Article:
Brexit – both the leave campaign and remain campaign – was a true demonstration of how the press can skewer facts to align with their own economic agenda. But this is nothing new. While it’s more widely recognized, it has always been the same. Throughout the whole Brexit campaign and U.S. Presidential Election there was practically an open acknowledgment of the use of fake news: Boris Johnson’s farcical little smiles during the Brexit debate a few days before the referendum; Donald Trump’s speculative – and extremely imaginative – accusations about the primary system being rigged, then later saying “”You’ve been hearing me say it’s a rigged system. But now I don’t say it anymore because I won. Okay? It’s true. You know, now I don’t care.” It’s dangerous how socially acceptable lying has become.

With the web of deceit getting larger and more uncontrollable than ever before, and a general election on the horizon, there has never been a more important time for citizen journalists to enter the foray to impartially and independently collect, report and distribute content. If not for themselves, but to combat the “real fake news” that most of us seem to acknowledge and accept.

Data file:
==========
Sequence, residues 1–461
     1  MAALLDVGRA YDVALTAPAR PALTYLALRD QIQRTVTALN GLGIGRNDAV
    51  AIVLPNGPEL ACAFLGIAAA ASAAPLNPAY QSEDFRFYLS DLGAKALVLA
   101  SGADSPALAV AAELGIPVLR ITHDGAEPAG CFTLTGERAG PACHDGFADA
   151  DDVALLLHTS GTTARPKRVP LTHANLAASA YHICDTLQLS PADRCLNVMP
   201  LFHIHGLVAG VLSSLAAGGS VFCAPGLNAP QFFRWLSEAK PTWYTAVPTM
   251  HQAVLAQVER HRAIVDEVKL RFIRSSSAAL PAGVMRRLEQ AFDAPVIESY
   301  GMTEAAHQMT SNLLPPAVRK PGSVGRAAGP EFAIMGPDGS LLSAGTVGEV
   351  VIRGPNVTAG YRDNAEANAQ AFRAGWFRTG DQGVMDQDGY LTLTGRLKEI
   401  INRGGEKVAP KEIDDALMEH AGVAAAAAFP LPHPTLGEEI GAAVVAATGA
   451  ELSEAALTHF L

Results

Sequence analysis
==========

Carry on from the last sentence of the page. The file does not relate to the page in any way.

Technology has Created a Power Shift

The advent of smart phones has given power to the people. The presence, speed and accessibility allows the everyday citizen to report and break news to a global audience faster than traditional journalists, and much faster than news reporters. This has resulted in a society that’s more politically active than ever before (and that’s a good thing.)

While some will argue that untrained citizens are more at liberty to obscure information and spread opinion rather than truth; others will retaliate, stating that politically aligned press already tilt the scales to support their own agenda anyway. Regardless, both opinions prove that there is a total lack-of-faith in modern journalism. Whichever think-tank you subscribe to, there’s no denying that citizen journalism is where the news is heading. Surely it makes more sense to go with the grain than against the grain?

The Western world is currently in the midst of a huge political shakeup, with politicians no longer playing up to establishment rules. But the facts are there for those of us who wish to seek them. So if you feel compelled to do your bit and help your own inner circles to stay informed (perhaps beyond), build a website, start a blog and, most importantly… do your research!